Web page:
TTAB Finds Wine And Water Related Goods Under Likelihood Of Confusion

For some time, there has been a line between alcoholic and non-alcoholic beverages, and applicants have relied on this lack of precedential finding at the Trademark Trial and Appeal Board (TTAB), when clearing trademarks in the beverage industry. However, Joel Gott Wines, LLC v. Rehoboth Von Gott, Inc., Opposition No. 91197659 (June 26, 2013) [citable as precedent], has modified the landscape for clearing alcoholic and non-alcoholic beverages such as wine and water. Before this decision applicants were relying on Cielo S.p.A. V. Austin House of Prayer, Opposition No. 91166590 (September 14, 2007) [not citable as precedent] for guidance. In the latter case, the Board dismissed an opposition that challenged the registration of the mark CIELO for drinking water, finding that there was no likelihood of confusion with the identical marks CIELO, one registered for wine and the other seeking trademark registration for drinking water. The applicant admitted the marks were identical, the products were sold through similar trade channels, and that the two products may be served together. Yet, the Board did not find enough evidence to hold that water and wine originate from the same source, or that circumstances surrounding the sales of the two products are such that consumers would believe that they come from the same source. However, a different holding (citable as precedent) is found in Joel Gott Wines, LLC v. Rehoboth Von Gott, Inc. 

In Joel Gott Wines, LLC v. Rehoboth Von Gott, Inc., the Board held that the applicant’s registration of the mark GOTT LIGHT for various water beverages is likely to cause confusion with opposer’s previously used and registered marks for wine, under the brands GOTT and JOEL GOTT.  It held that the dominant term in both marks was “Gott” and that the marks were similar in sound, spelling and overall commercial impression.  Regarding the goods, the TTAB held that “they have been shown to be related, to move through the same channels of trade, and to be available to the same classes of consumers.”  The opposer submitted third-party registrations showing that the goods were of the type that would originate from a single source.  Further opposer demonstrated that winery branded water is sold in the tasting rooms of wineries.  Therefore, consumers can expect that water and wine will emanate from the same source.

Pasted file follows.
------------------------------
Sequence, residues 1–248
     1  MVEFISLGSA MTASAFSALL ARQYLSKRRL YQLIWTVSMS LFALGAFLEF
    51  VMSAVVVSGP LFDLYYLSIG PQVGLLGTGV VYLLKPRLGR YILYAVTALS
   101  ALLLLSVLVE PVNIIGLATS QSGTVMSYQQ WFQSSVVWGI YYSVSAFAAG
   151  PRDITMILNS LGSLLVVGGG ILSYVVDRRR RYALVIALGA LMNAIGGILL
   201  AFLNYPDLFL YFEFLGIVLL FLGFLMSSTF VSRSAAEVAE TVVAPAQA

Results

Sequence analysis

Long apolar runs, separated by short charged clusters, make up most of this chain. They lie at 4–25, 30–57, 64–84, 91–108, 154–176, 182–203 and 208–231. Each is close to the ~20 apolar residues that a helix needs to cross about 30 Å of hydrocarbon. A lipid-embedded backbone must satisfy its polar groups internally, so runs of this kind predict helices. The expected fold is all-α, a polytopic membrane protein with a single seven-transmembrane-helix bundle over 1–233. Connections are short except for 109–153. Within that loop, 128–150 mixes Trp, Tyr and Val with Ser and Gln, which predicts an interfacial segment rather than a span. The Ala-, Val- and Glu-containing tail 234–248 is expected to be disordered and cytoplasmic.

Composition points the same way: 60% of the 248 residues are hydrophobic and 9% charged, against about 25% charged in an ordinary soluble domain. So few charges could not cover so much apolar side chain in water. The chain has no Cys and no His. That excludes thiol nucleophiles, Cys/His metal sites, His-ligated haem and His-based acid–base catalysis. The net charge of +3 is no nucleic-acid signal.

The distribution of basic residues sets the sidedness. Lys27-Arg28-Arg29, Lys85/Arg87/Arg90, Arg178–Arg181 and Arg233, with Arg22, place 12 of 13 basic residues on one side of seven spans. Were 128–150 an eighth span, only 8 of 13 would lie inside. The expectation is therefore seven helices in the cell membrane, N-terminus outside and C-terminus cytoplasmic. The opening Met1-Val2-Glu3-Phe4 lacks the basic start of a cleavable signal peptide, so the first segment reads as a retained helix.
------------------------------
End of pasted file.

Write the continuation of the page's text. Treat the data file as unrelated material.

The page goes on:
wine-swirl-1337577-mConsidering Joel Gott Wines, LLC v. Rehoboth Von Gott, Inc., is a precedential decision, practitioners and applicants alike would be wise to seriously consider the implications of the decision when clearing marks in the beverage field. Those looking to clear marks in the wine industry, particularly need to proceed with caution, as the TTAB has found a variety of goods and services related to wine for the purposes of a likelihood of confusion analysis. Although there is no per se rule stating beverages and restaurant services are likely to cause confusion when offered under the same trademarks, confusion is found more often than not. Regarding goods, the TTAB has found the following goods to be related to wine: soft drinks, other alcoholic beverages such as tequila, beer, and gelatin shots, food products such as certain sauces and vinegar, and now you can add water to the list.

You can find guidance, under §1207.01 of the Trademark Manual of Examining Procedure (The rules that govern trademark practice at the United States Patent & Trademark Office). In ex parte examinations, the issue of likelihood of confusion usually revolves around the similarity or dissimilarity of the marks and the relatedness of the goods or services. These are issues commonly raised in Office Actions. The other factors typically considered may be evaluated only if relevant evidence is contained in the record. It is incumbent upon the parties to submit germane information into the record. It is important to keep in mind that the issue is not whether the actual goods or services are likely to be confused, but rather whether there is a likelihood of confusion as to the source of the goods or services.  Each case must be decided on its own facts.